Do you have additional questions? Please contact us.
Who can participate in the CityBridge Design Fellowship?
- Teams of school-based educators across Washington, DC (e.g. an assistant principal and two additional educators) or teams of non-school based educators
- Participants who are able to commit 5 to 10 hours between each workshop to apply the tools with students and the school community.
The Fellowship is designed for teams, not for individuals. We encourage teams consisting of three members.
- Teams within schools should consist of faculty, staff, and leaders working at DC Public Schools or DC Public Charter Schools. Teams can also include a central office or non-school-based staff.
- Teams focused on building a new school or non-school venture should have at least one member of the team be based in a school or work directly with students on a regular basis.
Do I have to apply as a team? Can CityBridge help me find team members?
Yes, you must apply as a team. We’ve learned from experience that the work of designing and scaling a solution is more successful if team-based.
No, unfortunately, we do not have the capacity at this time to help participants form teams. However, the first stage of the CityBridge Incubator, Design Studio, is designed for individuals.
What will participants do in the Design Fellowship?
- Explore and define a student-centered problem and the conditions that shape it
- Design one or more pilots to test, adapt, and scale innovative and equity-centered solutions
- Learn and collaborate with a community of like-minded educators, entrepreneurs, and leaders
What will participants create in the Design Fellowship?
Participants will walk away with at least one fully executed pilot plan, designs for a second pilot of their proposed solution, a theory of change, compiled insights and analysis from their testing, and a detailed action plan to continue adapting and scaling after the workshop.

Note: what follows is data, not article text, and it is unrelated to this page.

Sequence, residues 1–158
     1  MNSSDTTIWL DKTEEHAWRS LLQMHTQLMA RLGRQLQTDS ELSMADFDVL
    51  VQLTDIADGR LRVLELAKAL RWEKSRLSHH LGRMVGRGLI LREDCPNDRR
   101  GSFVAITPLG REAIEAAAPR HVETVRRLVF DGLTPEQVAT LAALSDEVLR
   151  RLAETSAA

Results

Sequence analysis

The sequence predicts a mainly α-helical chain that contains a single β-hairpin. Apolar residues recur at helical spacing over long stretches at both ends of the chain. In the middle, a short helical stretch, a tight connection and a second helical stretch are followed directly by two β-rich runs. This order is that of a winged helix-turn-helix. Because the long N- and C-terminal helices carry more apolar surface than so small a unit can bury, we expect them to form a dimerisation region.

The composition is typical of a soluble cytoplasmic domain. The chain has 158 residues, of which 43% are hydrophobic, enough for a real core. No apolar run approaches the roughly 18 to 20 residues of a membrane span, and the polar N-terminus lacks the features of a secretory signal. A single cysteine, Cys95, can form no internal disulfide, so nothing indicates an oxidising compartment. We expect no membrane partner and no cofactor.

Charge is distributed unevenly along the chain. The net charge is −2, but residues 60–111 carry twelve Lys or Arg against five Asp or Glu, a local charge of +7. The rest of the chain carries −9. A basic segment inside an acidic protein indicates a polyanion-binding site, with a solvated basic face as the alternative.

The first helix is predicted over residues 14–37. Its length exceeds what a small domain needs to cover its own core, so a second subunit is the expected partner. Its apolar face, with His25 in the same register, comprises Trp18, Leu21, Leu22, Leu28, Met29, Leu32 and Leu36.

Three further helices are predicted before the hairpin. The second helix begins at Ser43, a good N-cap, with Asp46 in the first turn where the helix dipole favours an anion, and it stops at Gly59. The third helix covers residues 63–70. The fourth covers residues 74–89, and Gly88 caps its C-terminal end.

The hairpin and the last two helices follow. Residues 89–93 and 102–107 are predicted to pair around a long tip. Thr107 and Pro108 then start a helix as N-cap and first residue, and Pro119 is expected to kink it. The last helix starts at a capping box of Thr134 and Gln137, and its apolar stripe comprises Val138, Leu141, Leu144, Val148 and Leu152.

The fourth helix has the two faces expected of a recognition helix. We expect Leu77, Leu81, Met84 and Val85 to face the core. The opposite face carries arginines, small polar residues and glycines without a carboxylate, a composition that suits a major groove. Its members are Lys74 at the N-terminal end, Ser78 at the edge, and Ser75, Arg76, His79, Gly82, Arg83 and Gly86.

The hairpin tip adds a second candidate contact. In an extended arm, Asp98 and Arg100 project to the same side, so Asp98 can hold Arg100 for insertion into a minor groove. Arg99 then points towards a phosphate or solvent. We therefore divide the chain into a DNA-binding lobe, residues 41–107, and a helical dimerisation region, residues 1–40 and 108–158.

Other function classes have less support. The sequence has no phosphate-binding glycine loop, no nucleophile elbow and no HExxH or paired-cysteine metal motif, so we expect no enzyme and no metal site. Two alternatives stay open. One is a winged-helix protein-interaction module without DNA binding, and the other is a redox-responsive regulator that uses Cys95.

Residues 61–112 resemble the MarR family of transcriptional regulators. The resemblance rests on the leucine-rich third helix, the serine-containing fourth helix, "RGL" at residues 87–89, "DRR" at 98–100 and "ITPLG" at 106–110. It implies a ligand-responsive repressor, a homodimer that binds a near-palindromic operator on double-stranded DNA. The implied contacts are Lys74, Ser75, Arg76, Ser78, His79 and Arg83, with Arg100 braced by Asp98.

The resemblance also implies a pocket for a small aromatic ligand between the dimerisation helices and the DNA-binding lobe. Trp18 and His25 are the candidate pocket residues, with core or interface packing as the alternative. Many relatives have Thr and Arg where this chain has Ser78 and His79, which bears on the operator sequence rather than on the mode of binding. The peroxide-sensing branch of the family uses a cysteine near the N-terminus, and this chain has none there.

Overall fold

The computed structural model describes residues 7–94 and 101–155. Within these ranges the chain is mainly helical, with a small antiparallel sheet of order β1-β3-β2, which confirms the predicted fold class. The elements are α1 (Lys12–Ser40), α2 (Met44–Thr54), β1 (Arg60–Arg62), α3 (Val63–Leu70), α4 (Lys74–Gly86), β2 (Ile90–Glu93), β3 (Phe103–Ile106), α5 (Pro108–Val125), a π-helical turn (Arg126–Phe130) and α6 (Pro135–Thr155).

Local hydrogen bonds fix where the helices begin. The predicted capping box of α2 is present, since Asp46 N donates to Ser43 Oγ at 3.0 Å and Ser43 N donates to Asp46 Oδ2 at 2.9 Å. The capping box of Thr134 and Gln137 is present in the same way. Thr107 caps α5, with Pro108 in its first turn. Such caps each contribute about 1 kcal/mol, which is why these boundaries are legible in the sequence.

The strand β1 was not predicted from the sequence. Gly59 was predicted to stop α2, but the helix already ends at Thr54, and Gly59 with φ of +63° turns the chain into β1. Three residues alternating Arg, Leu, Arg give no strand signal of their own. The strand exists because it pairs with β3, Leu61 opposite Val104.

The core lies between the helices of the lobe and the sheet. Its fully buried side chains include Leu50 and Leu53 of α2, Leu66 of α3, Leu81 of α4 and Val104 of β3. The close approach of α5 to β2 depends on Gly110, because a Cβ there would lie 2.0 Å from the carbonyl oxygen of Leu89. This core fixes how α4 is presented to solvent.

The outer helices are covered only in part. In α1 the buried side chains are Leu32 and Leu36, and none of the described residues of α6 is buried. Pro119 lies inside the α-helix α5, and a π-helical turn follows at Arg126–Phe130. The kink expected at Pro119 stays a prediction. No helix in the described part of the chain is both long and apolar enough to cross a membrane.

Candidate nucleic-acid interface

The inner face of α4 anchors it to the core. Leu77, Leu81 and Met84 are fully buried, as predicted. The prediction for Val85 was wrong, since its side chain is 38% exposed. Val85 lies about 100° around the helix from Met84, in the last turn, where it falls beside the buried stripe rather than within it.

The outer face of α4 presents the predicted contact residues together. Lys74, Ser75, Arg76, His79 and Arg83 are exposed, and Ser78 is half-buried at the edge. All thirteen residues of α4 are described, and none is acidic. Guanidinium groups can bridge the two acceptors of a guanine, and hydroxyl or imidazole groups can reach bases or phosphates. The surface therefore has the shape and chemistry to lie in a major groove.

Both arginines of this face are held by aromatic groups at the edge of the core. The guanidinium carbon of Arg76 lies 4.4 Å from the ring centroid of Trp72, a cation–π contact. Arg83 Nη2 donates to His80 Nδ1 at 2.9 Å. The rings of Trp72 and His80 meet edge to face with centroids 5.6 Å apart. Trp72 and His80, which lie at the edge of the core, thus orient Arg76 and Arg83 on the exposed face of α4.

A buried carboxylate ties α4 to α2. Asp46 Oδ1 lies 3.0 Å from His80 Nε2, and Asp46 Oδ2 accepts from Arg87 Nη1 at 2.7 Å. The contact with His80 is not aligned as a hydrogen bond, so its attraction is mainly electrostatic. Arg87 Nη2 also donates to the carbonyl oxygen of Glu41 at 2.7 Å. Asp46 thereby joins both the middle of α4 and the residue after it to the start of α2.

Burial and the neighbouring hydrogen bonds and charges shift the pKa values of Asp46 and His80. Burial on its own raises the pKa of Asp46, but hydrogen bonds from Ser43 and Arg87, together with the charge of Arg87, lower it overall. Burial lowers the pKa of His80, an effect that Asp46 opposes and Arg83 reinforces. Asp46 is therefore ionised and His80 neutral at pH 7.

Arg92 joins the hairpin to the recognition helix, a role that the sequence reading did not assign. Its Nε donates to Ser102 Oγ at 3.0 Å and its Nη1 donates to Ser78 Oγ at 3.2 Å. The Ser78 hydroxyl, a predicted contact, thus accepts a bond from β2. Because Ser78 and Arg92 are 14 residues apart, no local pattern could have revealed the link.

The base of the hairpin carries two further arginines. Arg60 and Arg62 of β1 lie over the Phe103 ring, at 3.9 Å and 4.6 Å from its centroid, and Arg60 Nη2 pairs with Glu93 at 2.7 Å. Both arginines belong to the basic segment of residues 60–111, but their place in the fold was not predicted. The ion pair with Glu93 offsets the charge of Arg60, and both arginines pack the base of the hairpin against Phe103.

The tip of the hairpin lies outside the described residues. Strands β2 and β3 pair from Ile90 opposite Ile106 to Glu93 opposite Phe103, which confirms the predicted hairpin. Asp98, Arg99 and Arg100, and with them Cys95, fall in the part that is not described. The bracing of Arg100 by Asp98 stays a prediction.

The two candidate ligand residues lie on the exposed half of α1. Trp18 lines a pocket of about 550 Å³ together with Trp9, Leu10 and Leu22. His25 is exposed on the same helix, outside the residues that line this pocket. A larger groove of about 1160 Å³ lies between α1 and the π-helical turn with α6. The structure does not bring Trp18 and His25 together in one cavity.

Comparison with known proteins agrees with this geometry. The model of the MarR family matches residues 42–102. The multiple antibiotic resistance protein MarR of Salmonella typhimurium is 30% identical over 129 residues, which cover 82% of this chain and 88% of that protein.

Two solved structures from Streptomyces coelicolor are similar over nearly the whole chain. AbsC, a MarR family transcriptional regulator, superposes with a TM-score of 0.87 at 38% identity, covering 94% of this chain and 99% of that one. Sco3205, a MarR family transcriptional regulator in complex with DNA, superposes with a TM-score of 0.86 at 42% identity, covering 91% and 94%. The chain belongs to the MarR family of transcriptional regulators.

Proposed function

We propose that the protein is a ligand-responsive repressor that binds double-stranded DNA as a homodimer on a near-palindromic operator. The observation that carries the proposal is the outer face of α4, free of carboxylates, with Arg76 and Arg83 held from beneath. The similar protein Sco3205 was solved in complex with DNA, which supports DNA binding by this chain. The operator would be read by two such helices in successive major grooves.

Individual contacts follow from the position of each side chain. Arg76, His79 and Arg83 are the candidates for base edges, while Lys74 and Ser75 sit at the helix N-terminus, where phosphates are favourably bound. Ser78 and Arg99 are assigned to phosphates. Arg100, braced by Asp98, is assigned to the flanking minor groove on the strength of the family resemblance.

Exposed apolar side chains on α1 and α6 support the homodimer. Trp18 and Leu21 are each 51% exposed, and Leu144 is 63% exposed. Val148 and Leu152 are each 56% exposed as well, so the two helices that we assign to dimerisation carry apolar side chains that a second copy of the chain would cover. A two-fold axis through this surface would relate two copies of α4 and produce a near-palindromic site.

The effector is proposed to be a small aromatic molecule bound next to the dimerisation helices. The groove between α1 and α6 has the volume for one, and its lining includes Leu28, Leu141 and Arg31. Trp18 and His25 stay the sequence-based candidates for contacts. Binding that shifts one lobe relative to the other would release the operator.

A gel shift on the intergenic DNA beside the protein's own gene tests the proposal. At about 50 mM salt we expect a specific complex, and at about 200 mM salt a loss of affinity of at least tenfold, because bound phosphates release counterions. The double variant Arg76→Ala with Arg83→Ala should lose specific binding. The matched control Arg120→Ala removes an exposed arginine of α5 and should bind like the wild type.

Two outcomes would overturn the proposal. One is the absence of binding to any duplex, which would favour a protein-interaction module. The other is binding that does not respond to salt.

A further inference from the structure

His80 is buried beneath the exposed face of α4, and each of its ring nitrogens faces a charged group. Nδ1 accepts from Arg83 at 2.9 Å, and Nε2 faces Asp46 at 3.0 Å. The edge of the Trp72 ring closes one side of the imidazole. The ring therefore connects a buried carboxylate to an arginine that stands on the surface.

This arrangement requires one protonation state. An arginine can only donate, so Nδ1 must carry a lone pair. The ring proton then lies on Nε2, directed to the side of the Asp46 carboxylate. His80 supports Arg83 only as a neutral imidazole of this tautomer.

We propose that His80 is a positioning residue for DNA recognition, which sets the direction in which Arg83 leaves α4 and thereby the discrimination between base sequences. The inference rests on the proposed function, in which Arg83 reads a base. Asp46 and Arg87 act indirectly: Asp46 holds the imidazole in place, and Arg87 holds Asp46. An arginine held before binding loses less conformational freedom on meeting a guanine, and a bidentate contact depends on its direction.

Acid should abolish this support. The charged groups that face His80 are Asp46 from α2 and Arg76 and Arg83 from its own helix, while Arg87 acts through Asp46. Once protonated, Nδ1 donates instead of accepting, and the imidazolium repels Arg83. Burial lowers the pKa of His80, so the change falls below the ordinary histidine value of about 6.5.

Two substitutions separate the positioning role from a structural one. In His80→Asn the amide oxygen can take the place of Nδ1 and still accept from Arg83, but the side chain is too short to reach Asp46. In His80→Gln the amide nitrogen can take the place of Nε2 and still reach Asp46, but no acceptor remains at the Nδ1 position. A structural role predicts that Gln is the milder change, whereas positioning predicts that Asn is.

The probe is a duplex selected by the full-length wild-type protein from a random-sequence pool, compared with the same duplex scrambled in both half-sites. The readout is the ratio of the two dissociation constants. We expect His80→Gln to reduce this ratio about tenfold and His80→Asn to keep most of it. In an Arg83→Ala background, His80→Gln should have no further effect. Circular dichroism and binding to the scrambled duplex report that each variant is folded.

What follow-up support is available to participants?
Participants are eligible for grants to support their ongoing pilot work. Participants can also receive ongoing support to continue piloting following the workshops.
What is the time commitment?
- The pre-work for Design Fellowship will take participants approximately 3-4 hours prior to the first workshop.
- The four workshops will be full-day experiences. These will remain virtual until public health recommendations change.
- Monthly applied design work and coaching sessions will take participants between 6-8 hours.
- Post-fellowship ongoing support for the semester will include monthly 1-hour sessions.
Do team members need to quit their jobs to participate?
No. The Fellowship is specifically designed as job-embedded learning so that teams can learn, test, and explore alongside learners before moving to larger-scale work.
How much funding do participants receive?
Teams can be eligible to receive between $750 and $5,000 to support piloting. Teams must apply for grants and work with a coach to access the resources. More information about the grant application and process will be available after teams apply.
What happens if a team’s pilot project doesn’t work?
The purpose of prototyping and piloting is to learn. If a pilot doesn’t produce the student experience that the team intended, then a well-designed set of measures will help teams learn why it didn’t work the way they hypothesized. That, in turn, will help teams iterate and build better solutions over time.
What kinds of projects have fellows worked on in the past?
Fellows in past programs have tackled a range of challenges from how to make personalized learning equitable in a middle school to how to build capacity for restorative justice at the high school level. Some specific challenges included: developing a sense of belonging for students of color in schools that are diverse but not “integrated”; deepening student passions, civic knowledge, and expertise through electives and extracurriculars; and supporting 4th and 5th graders to build connections with one another and become advisory group leaders.